Specialist arts and music teachers around the world experience intense feelings of professional isolation. Such feelings lead to negative consequences on their professional growth, psychological well-being, and ultimately student learning. It is therefore urgent to identify and implement effective policies to foster collegial support and networked learning among these teaching professionals, as well as collaboration with other stakeholders. After reviewing the literature of teacher isolation, the article presents four sections. The first one focuses on the important role that formal (top-down) school-university partnerships may play in remediating teacher isolation. The “Institutional Program for Pre-Service Teachers Education” (IPPSTE), implemented by the Brazilian Federal Government since 2009, is used to illustrate how arts and music teachers can effectively benefit from collaborating face-to-face with student teachers, teacher educators, and researchers. In the second section, online and blended Professional Development (PD) carried out in countries such as the United States, Singapore and Germany are used to show the potential of informal (bottom-up) initiatives, which allow arts and music teachers to interact not only with their peers, but also with teachers specialized in other subjects, PD providers, and professional associations. The third section recommends policies to enhance arts and music teacher PD at large, and in particular the research-practice-policy pipeline. We argue that policies should focus on actionable knowledge within shared spaces and ecological frameworks of learning. The article concludes by proposing additional examples of anti-isolationist policies in arts and music education. Copyright © 2020 Taylor & Francis Group, LLC.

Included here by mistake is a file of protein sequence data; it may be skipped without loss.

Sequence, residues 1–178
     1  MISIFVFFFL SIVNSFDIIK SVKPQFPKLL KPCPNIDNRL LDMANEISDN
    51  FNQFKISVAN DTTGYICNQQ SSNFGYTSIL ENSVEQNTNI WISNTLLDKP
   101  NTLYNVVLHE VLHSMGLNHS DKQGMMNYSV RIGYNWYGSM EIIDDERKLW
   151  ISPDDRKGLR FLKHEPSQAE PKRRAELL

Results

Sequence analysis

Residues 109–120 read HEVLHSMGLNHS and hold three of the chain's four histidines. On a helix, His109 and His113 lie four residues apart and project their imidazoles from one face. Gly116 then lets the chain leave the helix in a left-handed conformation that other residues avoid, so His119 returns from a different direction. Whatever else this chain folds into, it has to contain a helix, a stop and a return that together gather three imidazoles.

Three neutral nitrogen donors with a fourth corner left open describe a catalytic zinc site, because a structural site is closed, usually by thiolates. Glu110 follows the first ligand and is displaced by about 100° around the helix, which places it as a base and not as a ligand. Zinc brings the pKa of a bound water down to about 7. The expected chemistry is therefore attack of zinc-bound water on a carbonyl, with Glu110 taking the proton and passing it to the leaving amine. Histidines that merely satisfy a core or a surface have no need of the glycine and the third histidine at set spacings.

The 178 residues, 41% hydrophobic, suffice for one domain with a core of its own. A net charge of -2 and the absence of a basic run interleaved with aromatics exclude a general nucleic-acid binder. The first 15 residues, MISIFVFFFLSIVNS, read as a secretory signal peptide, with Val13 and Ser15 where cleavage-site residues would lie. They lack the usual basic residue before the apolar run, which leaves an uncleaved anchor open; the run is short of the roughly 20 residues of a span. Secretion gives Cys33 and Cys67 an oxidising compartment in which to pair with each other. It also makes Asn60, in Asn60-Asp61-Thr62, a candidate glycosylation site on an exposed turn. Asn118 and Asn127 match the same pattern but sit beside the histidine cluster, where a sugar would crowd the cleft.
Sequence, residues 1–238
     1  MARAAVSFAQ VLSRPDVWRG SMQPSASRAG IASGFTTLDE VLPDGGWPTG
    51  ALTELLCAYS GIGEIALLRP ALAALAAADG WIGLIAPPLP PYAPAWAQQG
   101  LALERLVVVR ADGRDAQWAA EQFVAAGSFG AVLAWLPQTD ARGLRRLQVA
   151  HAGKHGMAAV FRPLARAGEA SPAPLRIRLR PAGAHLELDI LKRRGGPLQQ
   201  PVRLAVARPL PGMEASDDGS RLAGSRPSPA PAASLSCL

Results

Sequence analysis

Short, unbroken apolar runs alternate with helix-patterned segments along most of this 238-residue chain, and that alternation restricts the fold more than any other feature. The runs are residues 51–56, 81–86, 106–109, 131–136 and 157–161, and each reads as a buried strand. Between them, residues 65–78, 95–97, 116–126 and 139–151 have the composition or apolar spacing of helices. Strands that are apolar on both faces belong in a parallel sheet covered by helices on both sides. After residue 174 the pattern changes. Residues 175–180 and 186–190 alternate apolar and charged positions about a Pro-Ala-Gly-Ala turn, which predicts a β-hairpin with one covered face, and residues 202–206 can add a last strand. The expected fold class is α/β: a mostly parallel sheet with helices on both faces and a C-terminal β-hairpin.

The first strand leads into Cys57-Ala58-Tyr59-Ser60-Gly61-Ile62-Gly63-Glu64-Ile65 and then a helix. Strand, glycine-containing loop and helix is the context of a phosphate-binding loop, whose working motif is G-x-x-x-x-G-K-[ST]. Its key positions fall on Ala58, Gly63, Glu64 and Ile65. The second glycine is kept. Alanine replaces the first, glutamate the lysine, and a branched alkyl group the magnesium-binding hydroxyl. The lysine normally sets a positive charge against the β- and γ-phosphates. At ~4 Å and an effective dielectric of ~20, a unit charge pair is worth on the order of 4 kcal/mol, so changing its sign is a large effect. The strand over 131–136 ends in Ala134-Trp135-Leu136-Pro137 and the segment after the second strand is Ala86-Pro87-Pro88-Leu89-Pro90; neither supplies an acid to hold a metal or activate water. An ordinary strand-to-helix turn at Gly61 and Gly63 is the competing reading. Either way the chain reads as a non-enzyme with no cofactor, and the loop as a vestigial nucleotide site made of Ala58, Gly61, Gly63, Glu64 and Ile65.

CitationBautista, A., Stanley, A. M., & Candusso, F. (2020). Policy strategies to remedy isolation of specialist arts and music teachers. Arts Education Policy Review. Advance online publication. doi: 10.1080/10632913.2020.1746713
- Professional isolation
- School-university partnerships
- Networked learning
- Technology-mediated PD
- Anti-isolationist policies